Beginning with the May primary race for mayor in the Republican Party, the city elections of 1925 were dominated by the presence of the. In May 1925, , former Marion County treasurer and Klan member, defeated anti-Klan candidate Ralph Lemcke for the Republican nomination for mayor of Indianapolis. Following his victory over A. G. Emhardt, former city attorney Walter Myers emerged as the Democratic nominee. Although the mayoral race that followed was labeled by political insiders as the most featureless in years, the 1925 election proved to be a great Ku Klux Klan victory involving several important issues that emerged in the school board and city council races.
Operating under an at-large scheme for electing city councilmen, six pro-Klan Republican candidates were elected to the nine-member city council where their sympathy toward white neighborhood associations led to the passage of a residential segregation ordinance in 1926. Overturned by the courts before it could be put into effect, the ordinance gave whites the right to exclude Black families from moving into their neighborhoods.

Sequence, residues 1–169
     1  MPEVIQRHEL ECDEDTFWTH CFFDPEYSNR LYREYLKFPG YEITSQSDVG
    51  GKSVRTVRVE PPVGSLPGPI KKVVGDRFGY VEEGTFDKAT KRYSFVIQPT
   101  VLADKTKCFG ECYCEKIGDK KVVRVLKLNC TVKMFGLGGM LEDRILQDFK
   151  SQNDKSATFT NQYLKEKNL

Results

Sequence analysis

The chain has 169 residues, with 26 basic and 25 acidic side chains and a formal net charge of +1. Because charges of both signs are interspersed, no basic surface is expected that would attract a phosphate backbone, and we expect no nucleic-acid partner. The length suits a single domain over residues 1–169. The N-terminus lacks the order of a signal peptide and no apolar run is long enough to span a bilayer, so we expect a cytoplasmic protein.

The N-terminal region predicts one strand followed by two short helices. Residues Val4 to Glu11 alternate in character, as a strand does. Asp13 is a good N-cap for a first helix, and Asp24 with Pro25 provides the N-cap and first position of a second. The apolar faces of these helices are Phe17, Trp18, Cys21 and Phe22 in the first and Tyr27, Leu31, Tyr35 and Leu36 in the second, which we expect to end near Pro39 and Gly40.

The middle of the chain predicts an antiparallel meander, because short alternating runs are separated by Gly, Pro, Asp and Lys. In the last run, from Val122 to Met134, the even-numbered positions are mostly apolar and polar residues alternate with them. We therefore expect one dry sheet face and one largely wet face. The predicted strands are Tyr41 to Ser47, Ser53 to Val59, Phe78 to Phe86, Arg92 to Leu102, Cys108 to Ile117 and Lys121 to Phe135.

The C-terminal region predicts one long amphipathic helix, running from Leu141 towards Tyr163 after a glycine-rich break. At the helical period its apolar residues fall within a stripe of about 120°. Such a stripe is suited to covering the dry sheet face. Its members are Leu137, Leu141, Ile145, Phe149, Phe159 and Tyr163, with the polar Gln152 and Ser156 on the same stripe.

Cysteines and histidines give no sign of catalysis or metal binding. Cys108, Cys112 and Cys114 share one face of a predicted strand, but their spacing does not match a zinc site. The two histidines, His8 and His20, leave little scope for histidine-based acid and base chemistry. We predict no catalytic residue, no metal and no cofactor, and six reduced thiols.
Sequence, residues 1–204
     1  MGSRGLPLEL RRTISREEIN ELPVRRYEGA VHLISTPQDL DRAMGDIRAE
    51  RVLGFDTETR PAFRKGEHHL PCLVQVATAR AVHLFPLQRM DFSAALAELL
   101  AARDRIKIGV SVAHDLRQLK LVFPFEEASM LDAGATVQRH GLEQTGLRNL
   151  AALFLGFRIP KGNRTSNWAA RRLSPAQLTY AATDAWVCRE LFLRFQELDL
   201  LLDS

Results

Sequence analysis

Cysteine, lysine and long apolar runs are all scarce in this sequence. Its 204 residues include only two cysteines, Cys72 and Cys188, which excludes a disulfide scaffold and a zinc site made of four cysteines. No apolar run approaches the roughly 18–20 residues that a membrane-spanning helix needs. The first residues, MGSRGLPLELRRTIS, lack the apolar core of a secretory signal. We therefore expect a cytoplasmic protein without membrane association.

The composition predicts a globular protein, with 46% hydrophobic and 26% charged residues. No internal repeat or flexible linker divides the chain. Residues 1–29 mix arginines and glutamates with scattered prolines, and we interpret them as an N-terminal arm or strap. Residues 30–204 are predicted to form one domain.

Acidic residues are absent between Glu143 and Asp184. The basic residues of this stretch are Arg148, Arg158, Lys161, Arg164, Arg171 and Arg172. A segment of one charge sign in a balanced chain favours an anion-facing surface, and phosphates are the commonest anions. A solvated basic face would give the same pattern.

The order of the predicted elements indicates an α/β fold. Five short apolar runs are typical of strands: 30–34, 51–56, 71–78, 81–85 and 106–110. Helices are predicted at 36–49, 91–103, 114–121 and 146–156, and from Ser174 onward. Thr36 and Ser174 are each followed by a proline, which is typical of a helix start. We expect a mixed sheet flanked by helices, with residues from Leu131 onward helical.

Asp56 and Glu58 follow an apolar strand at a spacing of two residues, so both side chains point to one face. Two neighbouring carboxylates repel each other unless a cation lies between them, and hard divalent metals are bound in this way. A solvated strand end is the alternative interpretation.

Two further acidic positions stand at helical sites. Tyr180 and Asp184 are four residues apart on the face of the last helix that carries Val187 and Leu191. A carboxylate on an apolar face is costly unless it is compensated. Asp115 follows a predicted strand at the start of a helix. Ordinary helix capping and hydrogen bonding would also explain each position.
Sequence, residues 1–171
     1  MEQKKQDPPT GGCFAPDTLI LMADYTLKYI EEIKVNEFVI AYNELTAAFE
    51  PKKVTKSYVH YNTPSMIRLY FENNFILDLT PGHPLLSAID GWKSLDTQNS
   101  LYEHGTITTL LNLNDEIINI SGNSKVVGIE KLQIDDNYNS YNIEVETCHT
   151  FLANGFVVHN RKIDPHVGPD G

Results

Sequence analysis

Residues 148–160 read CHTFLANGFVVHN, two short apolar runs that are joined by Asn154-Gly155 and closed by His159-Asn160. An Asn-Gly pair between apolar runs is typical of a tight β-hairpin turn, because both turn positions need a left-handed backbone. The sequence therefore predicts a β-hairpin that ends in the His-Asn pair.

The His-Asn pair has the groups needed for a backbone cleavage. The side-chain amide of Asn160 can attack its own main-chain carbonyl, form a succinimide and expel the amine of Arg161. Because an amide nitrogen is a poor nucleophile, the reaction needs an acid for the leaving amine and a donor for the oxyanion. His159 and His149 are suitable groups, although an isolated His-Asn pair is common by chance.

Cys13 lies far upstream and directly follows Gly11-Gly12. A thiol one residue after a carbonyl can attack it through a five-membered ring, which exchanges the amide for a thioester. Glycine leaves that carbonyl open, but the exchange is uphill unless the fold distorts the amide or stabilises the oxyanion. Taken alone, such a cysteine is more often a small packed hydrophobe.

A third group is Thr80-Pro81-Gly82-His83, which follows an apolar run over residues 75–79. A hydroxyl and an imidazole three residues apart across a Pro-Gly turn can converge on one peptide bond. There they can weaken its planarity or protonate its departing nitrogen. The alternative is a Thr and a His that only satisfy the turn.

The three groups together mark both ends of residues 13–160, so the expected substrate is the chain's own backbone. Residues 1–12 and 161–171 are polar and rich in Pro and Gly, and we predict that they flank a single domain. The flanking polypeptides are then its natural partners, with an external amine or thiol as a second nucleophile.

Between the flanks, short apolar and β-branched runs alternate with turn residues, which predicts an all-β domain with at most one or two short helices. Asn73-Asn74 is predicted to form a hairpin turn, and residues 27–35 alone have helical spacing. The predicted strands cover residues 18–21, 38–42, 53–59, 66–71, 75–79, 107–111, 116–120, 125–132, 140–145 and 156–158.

The triumph of the Klan-supported United Protestant school board slate, however, seemed to be more a matter of widespread support for a proposed building and modernization program than sympathy for the Klan’s racial agenda. In the mayoral race, Duvall ran on a combination of his record of efficiency as Marion County treasurer and allegations of Myers’ involvement with the corrupt Bull Perrott Bush machine.
The resulting election in November was marked by low voter turnout, with only 95,872 out of the estimated 150,000 registered voters going to the polls. Capturing every ward except the 12th and 13th, Duvall won the mayor’s race with about 52,000 votes to Myers’ 43,000. More significantly, however, many Republicans on the ticket under Duvall surpassed his vote total in individual wards and his victory was due, at least in part, to his carrying the city’s predominately Black 5th and 6th wards.